However, by 1983, this annual farm servant system that was so critical to conduct the agriculture began to collapse. Farm servants performed the major operations of transport, ploughing, feeding the bovine, supervising the labour and participating in the labour. A system of patronage and exploitation existed. The farm labourer’s position was more secure than the free casual labour in terms of food security. But in exchange they had to perform 14 hour “chattel slavery” in return. Farm laborers were basically bonded into this system in a permanent manner. This is sometimes referred to as a “semi-feudal” relation of production.
At the time, it was a mystery to me how this long-lived system broke down so suddenly. There was no documented evidence that illustrated this radical transformation in the country side.
Chandranna’s words give us something close to a testimonial of these changes. He notes that after the farm servant boycott:
We were not contacted by the landlords. We saw the landlord purchasing a tractor in coming months, but we were relieved. I worked as farm labourer since then and purchased the land with my savings. I sent my son to the school. Now we have drinking water to our house since 1993. In our youth, we had to collect the daily wage in terms of paddy, reach home at 7 pm, hand pound the rice, lit a wooden stove, bring water from the common well, cook by 8.30 pm and used to fall sleep after 14 hour work. Now my son doesn’t understand what we underwent. He wont even care to fill the water when we get. Ah, what difficult times we had!
And what happened to the landlord? My elderly host in Atmakur was the `Mali Patel,’ a traditional village official in charge of criminal dispute administration. This post was abolished in 1983 by the reforms of Chief Minister N T Rama Rao. Forty years ago, my host owned 250 acres but now he owns less than 20 acres. At 83, he barely commands any power or respect in the village. I was intrigued by the changes in his life and the larger changes in Chandranna’s life. How did his power wane over this period? How these changes arrived needs to be further investigated. The landlord sold off much of his land to perform marriage of his 4 daughters, some for standing up for panchayat elections, and rest to pay for the expense of educating his son in private schools and colleges. The village was a dry village with meagre sources of irrigation. Consequently, the land there did not command much value historically. This changed recently when rural land values began soaring high on real estate demand beginning in 2004. Today, the elderly Patel is barely noticed and commands neither fear nor respect from the village community.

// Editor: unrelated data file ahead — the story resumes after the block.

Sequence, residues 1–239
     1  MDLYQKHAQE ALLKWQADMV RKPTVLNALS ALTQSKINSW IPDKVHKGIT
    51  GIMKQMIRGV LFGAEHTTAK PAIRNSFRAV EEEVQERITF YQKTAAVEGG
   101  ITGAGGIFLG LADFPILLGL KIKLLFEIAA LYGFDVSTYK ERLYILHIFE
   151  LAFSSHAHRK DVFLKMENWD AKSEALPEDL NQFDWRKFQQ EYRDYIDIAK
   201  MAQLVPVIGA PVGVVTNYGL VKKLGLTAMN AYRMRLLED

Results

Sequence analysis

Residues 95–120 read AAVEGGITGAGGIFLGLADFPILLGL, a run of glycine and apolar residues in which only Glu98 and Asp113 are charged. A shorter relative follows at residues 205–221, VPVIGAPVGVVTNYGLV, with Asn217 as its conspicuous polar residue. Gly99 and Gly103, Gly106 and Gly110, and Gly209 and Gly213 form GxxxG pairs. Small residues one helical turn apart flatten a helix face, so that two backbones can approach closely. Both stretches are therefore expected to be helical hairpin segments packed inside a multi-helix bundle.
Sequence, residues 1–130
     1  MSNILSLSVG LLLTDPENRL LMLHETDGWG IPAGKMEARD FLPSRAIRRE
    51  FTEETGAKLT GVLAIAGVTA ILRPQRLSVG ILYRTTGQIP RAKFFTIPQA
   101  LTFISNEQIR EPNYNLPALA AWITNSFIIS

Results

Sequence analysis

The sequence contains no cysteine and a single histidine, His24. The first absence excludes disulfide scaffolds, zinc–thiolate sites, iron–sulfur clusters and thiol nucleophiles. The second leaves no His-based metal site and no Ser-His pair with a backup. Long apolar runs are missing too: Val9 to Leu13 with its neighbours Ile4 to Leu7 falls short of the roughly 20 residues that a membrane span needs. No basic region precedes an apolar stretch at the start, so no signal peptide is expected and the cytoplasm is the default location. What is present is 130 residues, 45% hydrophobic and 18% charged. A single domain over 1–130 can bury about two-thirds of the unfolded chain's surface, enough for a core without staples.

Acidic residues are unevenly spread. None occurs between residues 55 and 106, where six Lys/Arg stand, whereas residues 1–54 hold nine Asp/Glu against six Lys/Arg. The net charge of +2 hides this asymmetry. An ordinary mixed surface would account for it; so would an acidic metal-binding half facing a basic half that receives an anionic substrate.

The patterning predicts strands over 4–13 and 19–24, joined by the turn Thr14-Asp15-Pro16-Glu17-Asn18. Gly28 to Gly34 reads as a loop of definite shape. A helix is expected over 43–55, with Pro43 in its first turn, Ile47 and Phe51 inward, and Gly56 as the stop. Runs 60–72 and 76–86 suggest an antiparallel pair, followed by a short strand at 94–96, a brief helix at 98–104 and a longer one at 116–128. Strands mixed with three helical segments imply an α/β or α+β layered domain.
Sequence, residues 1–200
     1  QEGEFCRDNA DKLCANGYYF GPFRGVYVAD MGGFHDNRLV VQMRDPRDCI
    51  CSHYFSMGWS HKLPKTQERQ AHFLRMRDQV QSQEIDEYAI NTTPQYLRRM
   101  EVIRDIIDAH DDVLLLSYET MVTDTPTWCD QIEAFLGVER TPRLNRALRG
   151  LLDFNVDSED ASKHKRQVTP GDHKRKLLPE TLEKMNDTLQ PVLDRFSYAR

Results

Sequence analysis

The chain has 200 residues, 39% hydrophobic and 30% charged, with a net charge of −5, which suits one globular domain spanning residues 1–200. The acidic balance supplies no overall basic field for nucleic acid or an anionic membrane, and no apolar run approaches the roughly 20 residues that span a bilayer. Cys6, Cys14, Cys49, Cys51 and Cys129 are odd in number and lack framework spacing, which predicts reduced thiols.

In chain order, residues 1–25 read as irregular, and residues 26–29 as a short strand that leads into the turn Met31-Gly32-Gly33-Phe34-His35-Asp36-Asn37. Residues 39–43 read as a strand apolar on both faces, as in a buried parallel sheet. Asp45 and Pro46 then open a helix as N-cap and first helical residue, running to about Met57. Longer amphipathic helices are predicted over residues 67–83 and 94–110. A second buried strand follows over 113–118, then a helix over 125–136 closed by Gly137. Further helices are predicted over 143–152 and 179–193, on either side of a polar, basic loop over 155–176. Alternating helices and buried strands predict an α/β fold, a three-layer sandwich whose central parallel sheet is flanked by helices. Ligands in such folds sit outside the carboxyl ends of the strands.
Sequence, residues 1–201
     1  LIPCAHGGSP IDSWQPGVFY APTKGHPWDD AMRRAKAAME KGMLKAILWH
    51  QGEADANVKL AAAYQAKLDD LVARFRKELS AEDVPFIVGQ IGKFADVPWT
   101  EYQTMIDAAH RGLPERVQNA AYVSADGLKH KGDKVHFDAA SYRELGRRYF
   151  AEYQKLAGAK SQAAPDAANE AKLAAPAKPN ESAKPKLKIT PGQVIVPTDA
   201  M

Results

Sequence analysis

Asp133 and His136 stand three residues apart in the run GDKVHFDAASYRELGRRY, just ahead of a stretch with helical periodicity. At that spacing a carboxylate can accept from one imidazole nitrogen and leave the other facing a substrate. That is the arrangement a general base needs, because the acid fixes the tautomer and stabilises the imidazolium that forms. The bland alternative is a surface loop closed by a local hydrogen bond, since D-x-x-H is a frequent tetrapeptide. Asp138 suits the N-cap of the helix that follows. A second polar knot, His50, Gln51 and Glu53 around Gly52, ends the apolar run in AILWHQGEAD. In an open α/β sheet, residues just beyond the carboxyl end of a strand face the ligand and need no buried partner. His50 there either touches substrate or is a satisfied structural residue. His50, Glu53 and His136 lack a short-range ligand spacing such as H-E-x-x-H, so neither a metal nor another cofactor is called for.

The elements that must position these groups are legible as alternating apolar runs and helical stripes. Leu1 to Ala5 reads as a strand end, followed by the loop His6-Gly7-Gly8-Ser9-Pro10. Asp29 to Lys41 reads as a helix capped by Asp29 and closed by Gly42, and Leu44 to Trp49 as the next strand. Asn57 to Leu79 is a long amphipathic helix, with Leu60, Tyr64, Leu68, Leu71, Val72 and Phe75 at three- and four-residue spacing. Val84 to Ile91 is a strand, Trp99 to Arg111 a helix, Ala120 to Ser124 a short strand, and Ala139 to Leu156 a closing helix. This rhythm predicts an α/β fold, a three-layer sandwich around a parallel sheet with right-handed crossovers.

Atmakur is like many other villages in Nizamabad and across Telangana. Now about 500 labourers everyday travel to Hyderabad city to work in the unorganized labour sector. They work at quarries in the region, small factories, and public works. The labourers take every possible means of transport and no longer depend on the traditional agricultural relationships in the village. Despite the sentimental slogans for farmer, agriculture in the village employs little more than 150 labourers. Farm technology has made deep inroads into the traditional village system. Electric borewells, harvesters, and tractors have all replaced manual and bovine power.
But the real value of land is not in what it grows, it is in its potential for rents in a future real estate boom.